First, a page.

Friday, July 15, 2011
Directed by: Daniel Monzon
Starring: Alberto Ammann, Luis Tosar, Marta Etura
It is Juan Oliver's first day as a prison officer, a job he took to provide for his wife and forthcoming baby. Juan Oliver is a quiet, earnest, likeable young man with a more than usually intuitive. Unfortunately for him, as he is being given the tour of the prison all hell breaks loose as the prisoners attack the guards and take over the prison. Left for dead, abandoned by the guards, Juan Oliver finds himself stuck in the prison with no hope of escape. In order to survive, he poses as a new inmate and manages to befriend the leader of the prisoner, the powerfully charismatic but terrifying Malamadre (which, I believe translates as "son of a bitch").
As Juan Oliver becomes deeper embroiled in the negotiations and rises quickly through the ranks to become Malamadre's right hand man, he begins to see the dark underbelly of the authorities and his loyalty is swayed as his somewhat naive and optimistic view of the institution he works for falls asunder.
As a thriller, Cell 211 is a superior effort. The screenplay is intelligent, tight and well paced. The characters are defined and believable while the universally strong performances bring nuance to what could easily have been just a bunch of thugs. Recalling similar film like John Hillcoat's remarkable Ghosts of the Civil Dead and Hector Babenco's Carandiru (with which this film shares many traits), Cell 211 is a prison thriller that delivers. It may not be emotionally visceral enough to leave you haunted afterwards, but it is certainly a slick, brilliantly executed film. Director Daniel Monzon does not shy away from violence and cruelty, nor does he revel in it. There is a refreshing respect and fear of pain in this film. Every act of violence, whatever the reason behind it is harrowing without being gratuitous. The film's strength lies in the fact that we stay with Juan Oliver throughout and even as his character faces the darkest of moments, the audience remains with him, feeling his madness, feeling his pain. However, the film does allow itself to get bogged down in political preachiness which can be tiresome after a while.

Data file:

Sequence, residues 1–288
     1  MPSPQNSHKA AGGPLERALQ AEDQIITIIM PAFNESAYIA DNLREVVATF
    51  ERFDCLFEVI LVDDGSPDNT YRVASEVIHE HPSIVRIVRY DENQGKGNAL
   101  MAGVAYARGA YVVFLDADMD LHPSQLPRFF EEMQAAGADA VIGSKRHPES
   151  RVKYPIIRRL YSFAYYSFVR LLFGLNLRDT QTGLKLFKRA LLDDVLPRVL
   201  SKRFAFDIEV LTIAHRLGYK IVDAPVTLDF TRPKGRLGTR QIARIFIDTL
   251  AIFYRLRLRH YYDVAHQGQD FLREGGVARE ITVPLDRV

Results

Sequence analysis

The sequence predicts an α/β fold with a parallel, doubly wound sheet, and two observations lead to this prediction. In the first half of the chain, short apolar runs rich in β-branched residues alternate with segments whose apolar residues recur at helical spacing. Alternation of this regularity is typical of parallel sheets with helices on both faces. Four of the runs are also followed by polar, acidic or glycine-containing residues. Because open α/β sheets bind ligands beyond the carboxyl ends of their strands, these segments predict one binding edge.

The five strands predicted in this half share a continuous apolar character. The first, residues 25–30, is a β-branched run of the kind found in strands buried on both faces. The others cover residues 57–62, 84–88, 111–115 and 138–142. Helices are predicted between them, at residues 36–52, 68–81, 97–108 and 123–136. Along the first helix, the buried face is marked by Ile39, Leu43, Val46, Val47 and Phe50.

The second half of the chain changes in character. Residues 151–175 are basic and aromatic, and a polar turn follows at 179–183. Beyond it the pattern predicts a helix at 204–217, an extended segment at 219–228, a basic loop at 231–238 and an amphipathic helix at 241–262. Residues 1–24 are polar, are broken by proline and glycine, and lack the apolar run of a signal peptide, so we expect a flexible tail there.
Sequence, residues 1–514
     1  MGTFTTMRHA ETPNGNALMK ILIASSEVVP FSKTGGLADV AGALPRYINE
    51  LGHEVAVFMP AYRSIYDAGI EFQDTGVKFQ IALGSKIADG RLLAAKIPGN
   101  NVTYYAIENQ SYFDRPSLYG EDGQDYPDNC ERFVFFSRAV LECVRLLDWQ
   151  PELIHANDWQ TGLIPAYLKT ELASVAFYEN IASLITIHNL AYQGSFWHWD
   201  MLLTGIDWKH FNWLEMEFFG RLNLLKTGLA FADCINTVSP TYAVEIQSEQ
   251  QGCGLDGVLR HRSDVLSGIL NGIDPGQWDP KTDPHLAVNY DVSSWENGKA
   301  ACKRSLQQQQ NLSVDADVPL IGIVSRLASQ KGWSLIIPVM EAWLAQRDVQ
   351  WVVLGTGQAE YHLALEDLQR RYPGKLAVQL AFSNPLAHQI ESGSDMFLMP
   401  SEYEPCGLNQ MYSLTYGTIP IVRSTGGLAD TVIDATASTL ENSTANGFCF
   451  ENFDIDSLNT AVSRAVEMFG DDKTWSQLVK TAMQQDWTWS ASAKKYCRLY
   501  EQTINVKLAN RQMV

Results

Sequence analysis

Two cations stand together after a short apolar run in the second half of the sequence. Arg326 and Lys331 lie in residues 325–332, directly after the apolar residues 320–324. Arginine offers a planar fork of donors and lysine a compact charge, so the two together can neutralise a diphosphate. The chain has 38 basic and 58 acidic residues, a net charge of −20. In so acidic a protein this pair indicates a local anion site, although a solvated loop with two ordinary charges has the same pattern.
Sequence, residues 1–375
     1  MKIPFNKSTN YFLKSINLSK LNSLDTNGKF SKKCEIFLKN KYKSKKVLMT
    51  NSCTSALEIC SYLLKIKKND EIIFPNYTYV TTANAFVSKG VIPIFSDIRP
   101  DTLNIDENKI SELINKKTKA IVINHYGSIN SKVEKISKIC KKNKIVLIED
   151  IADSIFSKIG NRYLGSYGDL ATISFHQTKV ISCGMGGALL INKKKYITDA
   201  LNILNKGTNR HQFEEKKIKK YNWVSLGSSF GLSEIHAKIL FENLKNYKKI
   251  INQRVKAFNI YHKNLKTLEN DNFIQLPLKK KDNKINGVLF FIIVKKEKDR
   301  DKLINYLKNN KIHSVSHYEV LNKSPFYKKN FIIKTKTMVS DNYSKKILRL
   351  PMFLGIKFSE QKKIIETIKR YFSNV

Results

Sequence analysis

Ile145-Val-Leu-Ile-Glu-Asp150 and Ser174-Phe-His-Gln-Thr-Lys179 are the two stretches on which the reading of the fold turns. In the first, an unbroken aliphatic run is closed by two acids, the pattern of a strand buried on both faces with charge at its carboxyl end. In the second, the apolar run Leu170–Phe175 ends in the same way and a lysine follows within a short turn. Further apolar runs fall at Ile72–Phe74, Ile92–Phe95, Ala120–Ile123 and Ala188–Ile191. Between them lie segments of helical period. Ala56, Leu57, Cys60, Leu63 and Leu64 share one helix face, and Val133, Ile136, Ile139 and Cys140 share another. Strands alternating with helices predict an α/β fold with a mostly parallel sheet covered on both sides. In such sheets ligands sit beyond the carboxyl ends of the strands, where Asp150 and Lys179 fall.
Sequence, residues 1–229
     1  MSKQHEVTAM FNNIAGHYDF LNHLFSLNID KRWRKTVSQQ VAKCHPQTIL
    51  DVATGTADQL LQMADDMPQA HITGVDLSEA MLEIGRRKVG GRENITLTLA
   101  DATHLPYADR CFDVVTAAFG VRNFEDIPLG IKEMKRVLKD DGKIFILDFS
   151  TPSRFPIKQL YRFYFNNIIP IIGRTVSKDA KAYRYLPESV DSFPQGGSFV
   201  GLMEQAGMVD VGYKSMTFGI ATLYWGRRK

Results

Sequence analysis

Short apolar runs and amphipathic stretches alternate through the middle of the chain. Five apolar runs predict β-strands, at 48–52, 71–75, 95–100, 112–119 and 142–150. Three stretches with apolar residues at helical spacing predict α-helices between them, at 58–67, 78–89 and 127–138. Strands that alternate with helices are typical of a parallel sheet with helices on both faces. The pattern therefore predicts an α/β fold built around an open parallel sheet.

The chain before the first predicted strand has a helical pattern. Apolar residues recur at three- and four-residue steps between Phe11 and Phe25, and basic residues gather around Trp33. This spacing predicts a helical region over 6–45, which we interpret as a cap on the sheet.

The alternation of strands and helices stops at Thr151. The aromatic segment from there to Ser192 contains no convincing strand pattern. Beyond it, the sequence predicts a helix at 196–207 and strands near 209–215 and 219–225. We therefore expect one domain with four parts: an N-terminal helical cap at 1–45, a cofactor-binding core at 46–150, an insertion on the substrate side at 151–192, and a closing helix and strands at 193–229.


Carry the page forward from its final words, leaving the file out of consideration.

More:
The focus on media interaction gives the film a fresh, contemporary spin, setting it apart from other, more claustrophobic prison movies. There is a sense that what's going on outside the prison shocks the prisoners as much as what's happening inside the prison shocks the outside world. A solid effort, Cell 211 deserves an audience and I have no doubt that it will find it. Perhaps it's small theatrical release won't have them coming in their droves but this is one that should catch on with a DVD release. Worth a watch.
- Charlene Lydon